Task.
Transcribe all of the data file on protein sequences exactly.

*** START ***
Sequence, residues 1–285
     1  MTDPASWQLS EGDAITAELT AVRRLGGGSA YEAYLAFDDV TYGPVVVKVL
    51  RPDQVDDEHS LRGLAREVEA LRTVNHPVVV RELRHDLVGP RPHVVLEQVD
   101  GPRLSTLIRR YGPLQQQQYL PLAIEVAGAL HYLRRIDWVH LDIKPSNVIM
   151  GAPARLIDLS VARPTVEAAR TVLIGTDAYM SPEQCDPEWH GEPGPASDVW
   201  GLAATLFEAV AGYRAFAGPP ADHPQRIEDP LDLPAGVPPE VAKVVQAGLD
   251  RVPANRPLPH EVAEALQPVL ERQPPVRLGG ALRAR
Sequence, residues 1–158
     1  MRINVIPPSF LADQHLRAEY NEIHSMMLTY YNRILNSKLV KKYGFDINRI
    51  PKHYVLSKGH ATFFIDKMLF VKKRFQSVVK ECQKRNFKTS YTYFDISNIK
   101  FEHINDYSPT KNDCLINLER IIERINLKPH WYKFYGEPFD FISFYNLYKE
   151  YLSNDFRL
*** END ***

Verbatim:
Sequence, residues 1–285
     1  MTDPASWQLS EGDAITAELT AVRRLGGGSA YEAYLAFDDV TYGPVVVKVL
    51  RPDQVDDEHS LRGLAREVEA LRTVNHPVVV RELRHDLVGP RPHVVLEQVD
   101  GPRLSTLIRR YGPLQQQQYL PLAIEVAGAL HYLRRIDWVH LDIKPSNVIM
   151  GAPARLIDLS VARPTVEAAR TVLIGTDAYM SPEQCDPEWH GEPGPASDVW
   201  GLAATLFEAV AGYRAFAGPP ADHPQRIEDP LDLPAGVPPE VAKVVQAGLD
   251  RVPANRPLPH EVAEALQPVL ERQPPVRLGG ALRAR
Sequence, residues 1–158
     1  MRINVIPPSF LADQHLRAEY NEIHSMMLTY YNRILNSKLV KKYGFDINRI
    51  PKHYVLSKGH ATFFIDKMLF VKKRFQSVVK ECQKRNFKTS YTYFDISNIK
   101  FEHINDYSPT KNDCLINLER IIERINLKPH WYKFYGEPFD FISFYNLYKE
   151  YLSNDFRL